In this step will be performed the combination of overall results weightening by study size. Methods for combine results are:
P-value: weighted p-values combination, which is a variant of Fisher’s method. A gamma distribution is used to assign non-integral weights proportional to study size to each p-value.
Fold-change: logarithmic transformation (base 2) and then averaged with weighting by study size.
Note: Only with the object created by amanida_read
function in mode = "quan"
are able to compute the amanida meta-analysis.
It is also included a qualitative analysis, the vote-counting, that is computed by the sum of votes assigned as follows: votes are +1 for up-regulation, -1 for down-regulation and 0 if no trend.
amanida_result <- compute_amanida(datafile, comp.inf = F)
If you select the option comp.inf = T
the package will retrieve the PubChem ID from the ID using webchem
. Results will return the following information: PubChem ID, Molecular Formula, Molecular Weight, SMILES, InChIKey, KEGG, ChEBI, HMDB, Drugbank.
Combination results are disclosed in two tables
amanida_result@stat
amanida_results@vote
Amanida meta-analysis gives the combination for p-value and fold-change for each feature.
Trend variable correspond to the direrction of the combination, 1 means that the feature is increased in case group and -1 the opposite. N_total is the sum of the study sizes for that feature, which are disclosed in reference variable.
head(amanida_result@stat)
To observe the results of meta-analysis graphically is done with a volcano plot, where the log10(p-values) are plotted against the log2(fold-change). The cut-offs can be selected by the user, in case of fold-change we recommend values higher than 2, where it is considered to have biological meaningfulness.
Note: cut-off have to be indicated without log scale.
volcano_plot(amanida_result, cutoff = c(0.05,3.5))
We will consider that a feature have statistical significance if it is over the cut-offs threshold (dashed lines).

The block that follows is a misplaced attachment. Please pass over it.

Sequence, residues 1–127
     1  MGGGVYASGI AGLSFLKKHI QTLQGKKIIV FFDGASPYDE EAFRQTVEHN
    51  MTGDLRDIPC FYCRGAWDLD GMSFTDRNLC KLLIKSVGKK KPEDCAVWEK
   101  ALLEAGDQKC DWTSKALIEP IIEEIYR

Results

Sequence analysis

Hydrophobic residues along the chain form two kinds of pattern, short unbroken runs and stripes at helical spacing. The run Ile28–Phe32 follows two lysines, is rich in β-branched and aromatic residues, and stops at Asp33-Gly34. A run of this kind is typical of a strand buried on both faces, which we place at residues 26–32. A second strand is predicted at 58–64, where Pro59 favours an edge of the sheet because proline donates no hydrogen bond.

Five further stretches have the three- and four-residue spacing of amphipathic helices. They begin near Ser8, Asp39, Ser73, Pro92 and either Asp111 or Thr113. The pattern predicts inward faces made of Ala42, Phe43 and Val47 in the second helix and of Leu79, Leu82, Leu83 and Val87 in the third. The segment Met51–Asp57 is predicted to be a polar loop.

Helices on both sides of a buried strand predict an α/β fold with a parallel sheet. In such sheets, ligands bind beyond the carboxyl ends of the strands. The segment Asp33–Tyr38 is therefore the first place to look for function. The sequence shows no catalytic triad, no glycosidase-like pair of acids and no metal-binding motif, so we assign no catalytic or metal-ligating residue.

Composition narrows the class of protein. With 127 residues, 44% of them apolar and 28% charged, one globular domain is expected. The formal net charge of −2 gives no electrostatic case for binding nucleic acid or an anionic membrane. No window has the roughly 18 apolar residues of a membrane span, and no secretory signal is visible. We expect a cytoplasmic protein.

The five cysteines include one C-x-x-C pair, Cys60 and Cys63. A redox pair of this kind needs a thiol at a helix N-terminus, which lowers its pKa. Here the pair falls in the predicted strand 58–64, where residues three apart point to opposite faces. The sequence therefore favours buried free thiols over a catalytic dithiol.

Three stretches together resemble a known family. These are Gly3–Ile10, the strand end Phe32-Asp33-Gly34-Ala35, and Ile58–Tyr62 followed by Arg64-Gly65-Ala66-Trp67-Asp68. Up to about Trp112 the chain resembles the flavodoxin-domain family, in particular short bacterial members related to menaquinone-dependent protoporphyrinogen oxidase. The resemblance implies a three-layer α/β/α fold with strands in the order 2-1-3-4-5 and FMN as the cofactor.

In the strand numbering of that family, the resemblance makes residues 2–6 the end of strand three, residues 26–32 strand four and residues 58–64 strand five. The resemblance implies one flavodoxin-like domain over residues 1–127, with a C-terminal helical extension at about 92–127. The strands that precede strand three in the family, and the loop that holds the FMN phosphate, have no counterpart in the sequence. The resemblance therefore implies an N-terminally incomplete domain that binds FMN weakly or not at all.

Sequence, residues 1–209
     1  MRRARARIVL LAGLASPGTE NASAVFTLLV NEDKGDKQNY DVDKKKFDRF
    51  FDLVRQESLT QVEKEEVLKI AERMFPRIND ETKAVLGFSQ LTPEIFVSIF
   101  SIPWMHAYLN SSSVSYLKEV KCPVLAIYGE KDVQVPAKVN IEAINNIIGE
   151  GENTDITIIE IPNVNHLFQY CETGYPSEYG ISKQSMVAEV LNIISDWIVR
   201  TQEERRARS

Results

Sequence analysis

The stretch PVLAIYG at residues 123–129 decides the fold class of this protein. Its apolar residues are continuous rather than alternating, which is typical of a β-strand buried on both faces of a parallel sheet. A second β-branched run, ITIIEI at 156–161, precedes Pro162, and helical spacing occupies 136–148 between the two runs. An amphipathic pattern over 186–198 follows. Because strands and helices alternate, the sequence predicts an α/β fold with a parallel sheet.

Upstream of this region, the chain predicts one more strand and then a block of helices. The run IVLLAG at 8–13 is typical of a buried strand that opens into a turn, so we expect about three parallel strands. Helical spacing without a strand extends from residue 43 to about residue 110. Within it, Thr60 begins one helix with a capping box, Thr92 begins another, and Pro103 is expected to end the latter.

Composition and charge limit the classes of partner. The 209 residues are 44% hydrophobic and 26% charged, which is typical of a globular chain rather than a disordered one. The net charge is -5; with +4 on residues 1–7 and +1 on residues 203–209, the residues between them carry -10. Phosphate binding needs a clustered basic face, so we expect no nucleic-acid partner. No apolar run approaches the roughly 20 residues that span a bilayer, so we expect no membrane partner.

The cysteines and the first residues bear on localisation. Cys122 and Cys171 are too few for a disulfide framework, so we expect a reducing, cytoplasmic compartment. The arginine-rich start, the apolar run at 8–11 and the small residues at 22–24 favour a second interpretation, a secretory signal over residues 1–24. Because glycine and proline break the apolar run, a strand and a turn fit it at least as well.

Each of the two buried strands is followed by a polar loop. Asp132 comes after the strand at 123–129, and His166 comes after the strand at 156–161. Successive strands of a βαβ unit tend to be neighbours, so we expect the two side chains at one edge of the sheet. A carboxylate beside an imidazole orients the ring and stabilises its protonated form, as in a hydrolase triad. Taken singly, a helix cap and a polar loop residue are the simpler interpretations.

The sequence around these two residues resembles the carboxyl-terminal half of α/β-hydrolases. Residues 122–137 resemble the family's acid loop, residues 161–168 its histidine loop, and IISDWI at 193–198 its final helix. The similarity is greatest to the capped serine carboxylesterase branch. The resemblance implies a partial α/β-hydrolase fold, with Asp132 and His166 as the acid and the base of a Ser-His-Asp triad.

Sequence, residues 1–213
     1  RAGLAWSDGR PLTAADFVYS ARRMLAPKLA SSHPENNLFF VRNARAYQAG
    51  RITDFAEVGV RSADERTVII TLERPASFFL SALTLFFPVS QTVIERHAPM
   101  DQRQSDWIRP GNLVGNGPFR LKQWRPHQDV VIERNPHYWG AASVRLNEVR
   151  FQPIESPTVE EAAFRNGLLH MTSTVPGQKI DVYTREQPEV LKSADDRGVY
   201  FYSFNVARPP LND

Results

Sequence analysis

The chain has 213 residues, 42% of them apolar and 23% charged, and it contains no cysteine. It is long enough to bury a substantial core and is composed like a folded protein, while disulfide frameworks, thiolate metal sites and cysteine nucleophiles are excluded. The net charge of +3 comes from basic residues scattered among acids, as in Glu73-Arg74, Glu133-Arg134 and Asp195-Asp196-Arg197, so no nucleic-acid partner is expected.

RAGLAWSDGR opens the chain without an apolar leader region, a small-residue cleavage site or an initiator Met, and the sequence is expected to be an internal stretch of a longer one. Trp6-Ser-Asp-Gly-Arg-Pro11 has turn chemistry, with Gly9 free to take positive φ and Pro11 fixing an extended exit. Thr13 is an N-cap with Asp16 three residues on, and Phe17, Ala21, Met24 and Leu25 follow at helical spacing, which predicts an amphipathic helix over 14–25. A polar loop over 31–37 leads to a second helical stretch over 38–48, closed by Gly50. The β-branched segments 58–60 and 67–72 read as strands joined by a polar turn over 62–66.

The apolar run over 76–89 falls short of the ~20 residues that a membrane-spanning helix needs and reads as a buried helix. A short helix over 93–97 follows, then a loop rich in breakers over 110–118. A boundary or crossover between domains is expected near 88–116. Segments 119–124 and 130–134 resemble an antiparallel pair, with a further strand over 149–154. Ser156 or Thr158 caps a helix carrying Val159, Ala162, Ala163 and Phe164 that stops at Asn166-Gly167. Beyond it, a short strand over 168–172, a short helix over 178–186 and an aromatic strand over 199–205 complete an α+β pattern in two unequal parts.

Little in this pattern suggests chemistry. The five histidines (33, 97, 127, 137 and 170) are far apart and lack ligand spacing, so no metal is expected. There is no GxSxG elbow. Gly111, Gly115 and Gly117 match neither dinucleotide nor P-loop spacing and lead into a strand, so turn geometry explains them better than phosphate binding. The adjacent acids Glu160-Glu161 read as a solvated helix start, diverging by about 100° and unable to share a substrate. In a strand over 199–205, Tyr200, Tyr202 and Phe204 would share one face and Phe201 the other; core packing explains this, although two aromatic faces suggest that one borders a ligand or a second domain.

Optionally we van observe the qualitative results. A bar plot shows the result of vote-counting.
Note: output is restricted to 30 compounds to facilitate the readability. To visualize less compounds increase counts
parameter.
vote_plot(amanida_result, counts = 1)
Note: The output include compound identifiers from public repositories such as PubChem or the Human Metabolite DataBase, if compounds are not used this could be avoided with comp.inf = F
.
With vote plot discrepancies in compounds behaviour are not detected at first glance, and we suggest to combine the results with the explore plot. Discrepancies in results are shown when type = "mix"
is used:
Note: output is restricted to 25 compounds to facilitate the readability. To visualize less compounds increase counts
parameter.
explore_plot(sample_data, type = "mix", counts = 1)
In sample data we observe some compounds over the cut-off threshold, then we check the consistency of result. In this case, compounds with more than one report and statistical significance are Hippuric acid and Phenol. Both of them have consistency as all reports results are in the same trend. We can conclude that for Hippuric acid and Phenol have evidences to reject the null hypothesis.
Note: compounds with both up-regulated and down-regulated tendencies points to low consistency.
All computations and functions discussed above can be obtained straightforward in an html document. From scratch amanida_report
computes the meta-analysis and display the results graphically.
It needs the following parameters:
column_id = c("Compound Name", "P-value", "Fold-change", "N total", "References") input_file <- getsampleDB() amanida_report(input_file, separator = ";", analysis_type = "quan-qual", column_id = column_id, pvalue_cutoff = 0.05, fc_cutoff = 4, votecount_lim = 2, comp_inf = F)
The report will be saved in the working directory.